Seaweed Fertilizer: Oceanic Bounty For Plants
Seaweed fertilizer can be a powerful tool for plant growth. We talk about this resource, how it's applied, and even how to make your own!
You may have consumed seaweed in the form of crispy snacks or wrapped around sushi, but did you know that seaweed fertilizers can also nourish the plants in your garden?
Seaweed is a generic term that encompasses many different types of multicellular algae that grow in our oceans. This primitive plant group has over 10,000 species. Seaweed is different from the plants that we grow terrestrially two important ways. Firstly, all cells of a seaweed species can photosynthesize. Secondly, seaweeds do not have a system where roots help take up water and nutrients from the soil; seaweed cells can take up nutrients directly from the surrounding water.
Seaweeds have important cultural and ecological value. They are prized ingredients used in different traditional cuisines and their production is a major industry for many coastal nations. Seaweeds, including the giant kelp, provide food and shelter for other marine species. Furthermore, due to their ability to turn carbon dioxide (CO2) into biomass through photosynthesis and their rapid growth rate in comparison to terrestrial plants, they can become a key player in carbon sequestration and the fight against climate change.
Cultivating a demand for more seaweed products through fertilizers, food products and other uses can further the growth of this industry. As you incorporate seaweed fertilizers in your garden, you are choosing a product that supports regenerative farming of both land and sea.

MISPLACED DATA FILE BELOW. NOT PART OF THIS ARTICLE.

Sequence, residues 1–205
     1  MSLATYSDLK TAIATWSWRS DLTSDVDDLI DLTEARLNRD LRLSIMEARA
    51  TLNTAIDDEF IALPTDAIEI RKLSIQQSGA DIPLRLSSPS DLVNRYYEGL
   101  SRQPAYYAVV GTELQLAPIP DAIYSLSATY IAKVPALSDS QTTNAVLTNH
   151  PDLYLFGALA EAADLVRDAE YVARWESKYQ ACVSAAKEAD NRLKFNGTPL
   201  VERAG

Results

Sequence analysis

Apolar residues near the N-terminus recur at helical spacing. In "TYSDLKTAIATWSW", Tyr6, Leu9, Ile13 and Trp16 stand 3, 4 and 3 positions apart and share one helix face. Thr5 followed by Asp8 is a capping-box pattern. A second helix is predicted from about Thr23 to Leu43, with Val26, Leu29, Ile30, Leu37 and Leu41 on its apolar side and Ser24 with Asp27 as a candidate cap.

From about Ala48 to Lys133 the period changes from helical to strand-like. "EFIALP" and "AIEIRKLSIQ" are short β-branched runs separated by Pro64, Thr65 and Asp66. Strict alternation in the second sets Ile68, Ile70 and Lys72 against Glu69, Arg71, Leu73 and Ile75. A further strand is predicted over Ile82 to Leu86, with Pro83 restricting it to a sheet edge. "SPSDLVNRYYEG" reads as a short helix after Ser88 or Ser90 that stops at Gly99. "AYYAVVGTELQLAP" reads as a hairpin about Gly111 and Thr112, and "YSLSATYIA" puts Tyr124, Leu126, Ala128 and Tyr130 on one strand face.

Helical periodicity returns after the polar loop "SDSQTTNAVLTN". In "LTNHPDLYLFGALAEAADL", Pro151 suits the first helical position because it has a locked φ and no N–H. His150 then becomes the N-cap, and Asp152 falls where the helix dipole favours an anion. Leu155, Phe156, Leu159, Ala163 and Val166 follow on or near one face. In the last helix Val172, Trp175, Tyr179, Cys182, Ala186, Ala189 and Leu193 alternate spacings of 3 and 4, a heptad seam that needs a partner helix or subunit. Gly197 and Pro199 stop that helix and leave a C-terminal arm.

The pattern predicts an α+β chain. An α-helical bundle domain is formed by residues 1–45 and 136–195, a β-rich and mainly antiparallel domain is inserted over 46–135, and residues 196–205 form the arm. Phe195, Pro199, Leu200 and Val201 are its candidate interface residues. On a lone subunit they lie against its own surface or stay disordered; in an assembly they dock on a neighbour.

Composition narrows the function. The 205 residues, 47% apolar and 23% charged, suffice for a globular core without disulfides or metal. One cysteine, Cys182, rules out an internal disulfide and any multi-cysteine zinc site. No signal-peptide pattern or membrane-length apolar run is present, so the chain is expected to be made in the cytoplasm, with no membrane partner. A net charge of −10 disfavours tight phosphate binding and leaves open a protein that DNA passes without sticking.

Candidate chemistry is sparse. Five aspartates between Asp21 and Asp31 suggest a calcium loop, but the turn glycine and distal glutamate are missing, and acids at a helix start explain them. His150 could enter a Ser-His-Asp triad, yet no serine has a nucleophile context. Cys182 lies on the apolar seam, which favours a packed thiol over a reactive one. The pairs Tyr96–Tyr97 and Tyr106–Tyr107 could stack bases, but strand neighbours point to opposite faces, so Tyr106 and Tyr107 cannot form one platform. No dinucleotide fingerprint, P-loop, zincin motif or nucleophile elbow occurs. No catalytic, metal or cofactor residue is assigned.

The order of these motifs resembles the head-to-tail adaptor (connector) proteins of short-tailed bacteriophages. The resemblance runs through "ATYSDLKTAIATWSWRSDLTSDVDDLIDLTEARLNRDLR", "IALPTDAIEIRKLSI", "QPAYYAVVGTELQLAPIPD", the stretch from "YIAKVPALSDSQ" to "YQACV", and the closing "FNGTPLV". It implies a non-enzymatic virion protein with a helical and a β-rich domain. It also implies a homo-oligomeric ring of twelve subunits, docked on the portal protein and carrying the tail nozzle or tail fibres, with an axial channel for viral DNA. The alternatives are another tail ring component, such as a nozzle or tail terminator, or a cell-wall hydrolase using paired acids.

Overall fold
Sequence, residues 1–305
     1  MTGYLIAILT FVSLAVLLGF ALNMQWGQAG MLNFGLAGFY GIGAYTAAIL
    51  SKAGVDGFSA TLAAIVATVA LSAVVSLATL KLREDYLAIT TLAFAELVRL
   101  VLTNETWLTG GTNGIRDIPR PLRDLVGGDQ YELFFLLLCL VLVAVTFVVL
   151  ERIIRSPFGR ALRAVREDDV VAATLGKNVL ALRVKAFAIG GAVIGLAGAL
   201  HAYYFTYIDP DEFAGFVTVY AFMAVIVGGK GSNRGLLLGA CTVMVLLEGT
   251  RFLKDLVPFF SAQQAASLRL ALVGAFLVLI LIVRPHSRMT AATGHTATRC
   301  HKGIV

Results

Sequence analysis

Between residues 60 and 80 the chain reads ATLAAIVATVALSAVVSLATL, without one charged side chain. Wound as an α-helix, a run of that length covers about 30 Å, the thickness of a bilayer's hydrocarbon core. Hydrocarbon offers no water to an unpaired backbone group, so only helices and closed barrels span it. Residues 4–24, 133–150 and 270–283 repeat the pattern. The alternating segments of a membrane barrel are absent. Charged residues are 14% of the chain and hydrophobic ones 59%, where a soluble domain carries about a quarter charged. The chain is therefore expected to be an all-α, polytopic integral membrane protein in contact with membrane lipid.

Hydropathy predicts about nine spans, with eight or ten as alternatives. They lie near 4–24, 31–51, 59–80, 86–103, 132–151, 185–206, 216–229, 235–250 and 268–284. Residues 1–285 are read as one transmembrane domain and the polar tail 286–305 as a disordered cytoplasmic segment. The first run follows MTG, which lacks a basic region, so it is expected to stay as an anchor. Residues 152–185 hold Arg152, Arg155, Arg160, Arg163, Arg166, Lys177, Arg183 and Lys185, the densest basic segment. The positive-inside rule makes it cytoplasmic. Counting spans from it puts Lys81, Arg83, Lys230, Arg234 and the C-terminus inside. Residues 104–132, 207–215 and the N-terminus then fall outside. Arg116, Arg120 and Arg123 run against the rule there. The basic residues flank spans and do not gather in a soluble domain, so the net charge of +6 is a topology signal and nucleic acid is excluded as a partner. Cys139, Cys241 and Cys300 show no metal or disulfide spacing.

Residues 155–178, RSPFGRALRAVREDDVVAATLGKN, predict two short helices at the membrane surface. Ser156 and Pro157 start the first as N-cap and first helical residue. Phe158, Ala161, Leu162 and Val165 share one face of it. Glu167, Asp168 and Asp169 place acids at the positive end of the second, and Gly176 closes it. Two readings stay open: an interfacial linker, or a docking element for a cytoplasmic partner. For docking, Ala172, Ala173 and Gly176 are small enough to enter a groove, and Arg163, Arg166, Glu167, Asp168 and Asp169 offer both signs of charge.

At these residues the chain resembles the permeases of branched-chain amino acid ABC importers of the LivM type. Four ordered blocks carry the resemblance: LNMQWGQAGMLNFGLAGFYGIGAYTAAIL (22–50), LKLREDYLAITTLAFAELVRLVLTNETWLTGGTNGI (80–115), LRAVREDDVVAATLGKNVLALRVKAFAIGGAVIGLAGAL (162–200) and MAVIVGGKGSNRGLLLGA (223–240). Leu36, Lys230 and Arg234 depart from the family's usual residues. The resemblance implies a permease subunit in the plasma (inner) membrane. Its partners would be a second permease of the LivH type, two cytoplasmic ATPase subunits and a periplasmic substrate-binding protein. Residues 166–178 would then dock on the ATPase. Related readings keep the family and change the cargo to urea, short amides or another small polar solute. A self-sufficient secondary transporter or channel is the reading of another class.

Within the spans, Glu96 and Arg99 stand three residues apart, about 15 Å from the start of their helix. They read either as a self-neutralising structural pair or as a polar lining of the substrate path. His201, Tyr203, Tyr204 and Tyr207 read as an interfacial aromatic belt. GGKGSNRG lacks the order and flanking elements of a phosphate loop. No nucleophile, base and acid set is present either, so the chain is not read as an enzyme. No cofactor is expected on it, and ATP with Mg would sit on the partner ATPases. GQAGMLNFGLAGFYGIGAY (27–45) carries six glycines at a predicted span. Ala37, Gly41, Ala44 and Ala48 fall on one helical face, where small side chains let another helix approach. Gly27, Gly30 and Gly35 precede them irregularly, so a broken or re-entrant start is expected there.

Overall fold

Good Seaweed Fertilizers To Try In Your Garden:
- Espoma Organic Kelp Meal
- Bloom City CleanKelp Seaweed Fertilizer
- Neptune’s Harvest Seaweed Fertilizer
- Seaweed Bliss Soluble Seaweed Extract
What Is Seaweed Fertilizer?
Seaweed fertilizer are products that are derived from marine algae and are approved for organic use. These are natural soil amendments made from sustainable sources. Specifically, brown alga species of Ascophyllum, Ecklonia (kelp) and Fucus are most frequently found in fertilizers. The two most common seaweed fertilizers are kelp meal and “liquid seaweed fertilizer”. Unlike chemical fertilizers, natural seaweed fertilizers contain high amounts of micronutrients, minerals and other organic matter that promotes healthier plants. Using seaweed in your garden is a great way to promote plant vigor, produce more abundant vegetables and fruits, all while improving soil quality through the support of beneficial microorganisms.
Benefits of Seaweed Fertilizer
The many benefits of using seaweed products in agriculture have been widely studied and documented. High quality seaweed fertilizers are best known as a source of micronutrients. Out of the seven micronutrients [boron (B), chlorine (Cl), copper(Cu), iron (Fe), manganese (Mn), Molybdenum (Mo) and Zinc (Zn)], seaweed extracts (mainly derived from the brown alga Asophyllum nodousm) can especially boost zinc and manganese supply to plants and shore up plants’ defence against stressors.
Cold soil temperatures in the spring are a big constraint for gardeners in temperate climates around the world. Cold temperatures can stunt the growth of plants by inhibiting their root development. Studies have shown that micronutrients have the potential to help tender seedlings during their early growth period. The addition of micronutrients can promote root growth, both in density and length, to set the plant up for success the rest of the season. Micronutrients can also be deficient in soils that have poor draining, poor structure or have pH that’s too high or low. If this is the case for your soil, you might want to condition the soil by adding some seaweed fertilizer.